19. CHAPTER 4 ■ ADVANCED FEATURES The problem here is that the abstract nature of the base class is only tested when an abstract method is invoked. In PHP 5, abstract classes are tested when they are parsed, which is much safer. Interfaces While abstract classes let you provide some measure of implementation, interfaces are pure templates. An interface can only define functionality; it can never implement it. An interface is declared with the interface keyword. It can contain properties and method declarations, but not method bodies. Here’s an interface: interface Chargeable { public function getPrice(); } As you can see, an interface looks very much like a class. Any class that incorporates this interface commits to implementing all the methods it defines or it must be declared abstract. A class can implement an interface using the implements keyword in its declaration. Once you have done this, the process of implementing an interface is the same as extending an abstract class that contains only abstract methods. Now to make the ShopProduct class implement Chargeable. class ShopProduct implements Chargeable { // ... public function getPrice() { return ( $this->price - $this->discount ); } // ... ShopProduct already had a getPrice() method, so why might it be useful to implement the Chargeable interface? Once again, the answer has to do with types. An implementing class takes on the type of the class it extends and the interface that it implements. This means that the CdProduct class belongs to CdProduct ShopProduct Chargeable This can be exploited by client code. To know an object’s type is to know its capabilities. So the method public function cdInfo( CdProduct $prod ) { // ... } knows that the $prod object has a getPlayLength() method in addition to all the methods defined in the ShopProduct class and Chargeable interface. Passed the same object, the method public function addProduct( ShopProduct $prod ) { // .. } knows that $prod supports all the methods in ShopProduct, but without further testing, it will know nothing of the getPlayLength() method. Once again, passed the same CdProduct object, the method public function addChargeableItem( Chargeable $item ) { 47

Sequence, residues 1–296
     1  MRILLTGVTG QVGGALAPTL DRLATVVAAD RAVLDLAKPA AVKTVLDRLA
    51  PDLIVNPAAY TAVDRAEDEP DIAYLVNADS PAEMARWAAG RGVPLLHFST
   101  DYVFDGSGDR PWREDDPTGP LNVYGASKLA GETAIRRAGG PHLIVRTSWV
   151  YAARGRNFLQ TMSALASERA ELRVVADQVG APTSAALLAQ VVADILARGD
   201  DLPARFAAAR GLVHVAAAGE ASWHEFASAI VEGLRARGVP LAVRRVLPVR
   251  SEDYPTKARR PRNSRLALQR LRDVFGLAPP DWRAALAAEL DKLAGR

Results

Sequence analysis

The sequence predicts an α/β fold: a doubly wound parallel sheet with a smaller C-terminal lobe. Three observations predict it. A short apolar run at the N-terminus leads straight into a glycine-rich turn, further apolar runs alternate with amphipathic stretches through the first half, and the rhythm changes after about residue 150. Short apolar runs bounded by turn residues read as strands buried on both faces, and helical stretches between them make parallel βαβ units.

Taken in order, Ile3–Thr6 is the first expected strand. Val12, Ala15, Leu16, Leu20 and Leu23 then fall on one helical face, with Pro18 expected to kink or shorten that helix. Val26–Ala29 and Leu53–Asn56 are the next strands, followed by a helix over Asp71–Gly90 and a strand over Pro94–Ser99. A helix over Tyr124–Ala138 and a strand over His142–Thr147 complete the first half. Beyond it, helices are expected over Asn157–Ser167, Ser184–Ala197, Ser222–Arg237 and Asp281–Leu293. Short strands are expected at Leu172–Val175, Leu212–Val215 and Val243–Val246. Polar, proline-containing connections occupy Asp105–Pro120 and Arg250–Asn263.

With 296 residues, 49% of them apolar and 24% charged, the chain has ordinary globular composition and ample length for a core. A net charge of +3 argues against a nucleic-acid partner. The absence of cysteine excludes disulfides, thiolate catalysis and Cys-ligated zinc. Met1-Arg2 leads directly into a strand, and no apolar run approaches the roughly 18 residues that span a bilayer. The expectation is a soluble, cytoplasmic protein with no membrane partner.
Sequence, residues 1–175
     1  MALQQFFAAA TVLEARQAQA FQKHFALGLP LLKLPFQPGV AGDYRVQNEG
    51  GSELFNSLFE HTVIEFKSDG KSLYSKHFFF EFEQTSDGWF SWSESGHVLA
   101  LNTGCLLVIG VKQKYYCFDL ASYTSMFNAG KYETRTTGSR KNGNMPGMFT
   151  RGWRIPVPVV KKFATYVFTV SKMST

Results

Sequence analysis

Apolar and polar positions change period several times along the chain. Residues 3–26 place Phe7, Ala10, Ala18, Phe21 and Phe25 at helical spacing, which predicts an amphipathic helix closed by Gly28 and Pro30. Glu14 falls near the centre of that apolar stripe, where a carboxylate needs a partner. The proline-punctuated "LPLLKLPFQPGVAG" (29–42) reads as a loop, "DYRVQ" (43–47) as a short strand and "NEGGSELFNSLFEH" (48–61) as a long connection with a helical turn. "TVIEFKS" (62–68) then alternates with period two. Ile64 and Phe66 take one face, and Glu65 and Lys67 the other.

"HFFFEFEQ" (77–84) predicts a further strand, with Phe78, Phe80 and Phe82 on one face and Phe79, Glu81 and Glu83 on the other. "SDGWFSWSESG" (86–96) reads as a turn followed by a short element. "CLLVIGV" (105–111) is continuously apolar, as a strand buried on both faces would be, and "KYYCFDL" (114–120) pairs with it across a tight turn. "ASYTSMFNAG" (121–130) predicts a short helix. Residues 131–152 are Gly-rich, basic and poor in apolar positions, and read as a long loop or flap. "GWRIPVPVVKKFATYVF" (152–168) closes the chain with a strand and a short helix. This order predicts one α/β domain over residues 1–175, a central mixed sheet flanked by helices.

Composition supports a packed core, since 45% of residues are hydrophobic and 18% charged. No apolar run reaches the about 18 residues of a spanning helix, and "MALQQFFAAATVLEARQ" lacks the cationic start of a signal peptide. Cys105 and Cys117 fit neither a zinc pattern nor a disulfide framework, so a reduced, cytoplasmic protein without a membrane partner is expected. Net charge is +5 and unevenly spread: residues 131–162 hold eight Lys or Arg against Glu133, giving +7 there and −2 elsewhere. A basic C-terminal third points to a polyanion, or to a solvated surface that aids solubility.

20. CHAPTER 4 ■ ADVANCED FEATURES //... } knows nothing at all of the ShopProduct or CdProduct types. This method is only concerned with whether the $item argument contains a getPrice() method. Because any class can implement an interface (in fact, a class can implement any number of interfaces), interfaces effectively join types that are otherwise unrelated. I might define an entirely new class that implements Chargeable: class Shipping implements Chargeable { public function getPrice() { //... } } I can pass a Shipping object to the addChargeableItem() method just as I can pass it a ShopProduct object. The important thing to a client working with a Chargeable object is that it can call a getPrice() method. Any other available methods are associated with other types, whether through the object’s own class, a superclass, or another interface. These are irrelevant to the client. A class can both extend a superclass and implement any number of interfaces. The extends clause should precede the implements clause: class Consultancy extends TimedService implements Bookable, Chargeable { // ... } Notice that the Consultancy class implements more than one interface. Multiple interfaces follow the implements keyword in a comma-separated list. PHP only supports inheritance from a single parent, so the extends keyword can precede a single class name only. Late Static Bindings: The static Keyword Now that you’ve seen abstract classes and interfaces, it’s time to return briefly to static methods. You saw that a static method can be used as factory, a way of generating instances of the containing class. If you’re as lazy a coder as me, you might chafe at the duplication in an example like this: abstract class DomainObject { } class User extends DomainObject { public static function create() { return new User(); } } class Document extends DomainObject { public static function create() { return new Document(); } } 48